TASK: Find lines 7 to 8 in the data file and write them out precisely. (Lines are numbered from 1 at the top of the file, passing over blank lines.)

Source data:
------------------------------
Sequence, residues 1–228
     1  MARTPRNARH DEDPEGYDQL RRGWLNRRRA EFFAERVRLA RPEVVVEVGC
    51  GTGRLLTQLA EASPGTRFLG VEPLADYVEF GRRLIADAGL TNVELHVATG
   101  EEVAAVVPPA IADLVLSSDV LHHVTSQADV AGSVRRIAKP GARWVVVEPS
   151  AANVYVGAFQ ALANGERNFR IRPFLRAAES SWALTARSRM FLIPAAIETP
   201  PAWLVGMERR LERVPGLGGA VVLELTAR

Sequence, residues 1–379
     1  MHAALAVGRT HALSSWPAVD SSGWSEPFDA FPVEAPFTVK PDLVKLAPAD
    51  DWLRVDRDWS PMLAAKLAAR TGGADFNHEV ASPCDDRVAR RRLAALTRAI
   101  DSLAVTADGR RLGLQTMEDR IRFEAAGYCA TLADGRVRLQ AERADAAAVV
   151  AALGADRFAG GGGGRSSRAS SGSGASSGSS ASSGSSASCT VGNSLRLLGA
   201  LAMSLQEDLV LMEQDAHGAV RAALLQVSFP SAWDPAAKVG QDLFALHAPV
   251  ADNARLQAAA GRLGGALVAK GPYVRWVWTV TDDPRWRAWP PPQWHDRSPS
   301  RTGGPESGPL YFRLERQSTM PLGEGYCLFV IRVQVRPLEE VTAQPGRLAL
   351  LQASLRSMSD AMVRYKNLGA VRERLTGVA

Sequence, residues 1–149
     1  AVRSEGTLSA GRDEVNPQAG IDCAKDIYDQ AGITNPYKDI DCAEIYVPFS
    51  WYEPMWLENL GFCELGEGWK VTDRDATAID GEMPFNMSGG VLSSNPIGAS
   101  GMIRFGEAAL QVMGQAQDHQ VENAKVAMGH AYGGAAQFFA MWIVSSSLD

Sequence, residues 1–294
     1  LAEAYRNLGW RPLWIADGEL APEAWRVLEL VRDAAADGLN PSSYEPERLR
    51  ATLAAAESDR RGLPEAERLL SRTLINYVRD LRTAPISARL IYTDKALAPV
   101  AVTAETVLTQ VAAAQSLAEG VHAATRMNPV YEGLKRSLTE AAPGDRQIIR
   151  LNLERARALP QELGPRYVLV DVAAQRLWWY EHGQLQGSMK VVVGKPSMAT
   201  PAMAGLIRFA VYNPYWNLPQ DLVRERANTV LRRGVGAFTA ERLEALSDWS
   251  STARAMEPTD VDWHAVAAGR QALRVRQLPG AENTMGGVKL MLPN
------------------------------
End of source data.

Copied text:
Sequence, residues 1–379
     1  MHAALAVGRT HALSSWPAVD SSGWSEPFDA FPVEAPFTVK PDLVKLAPAD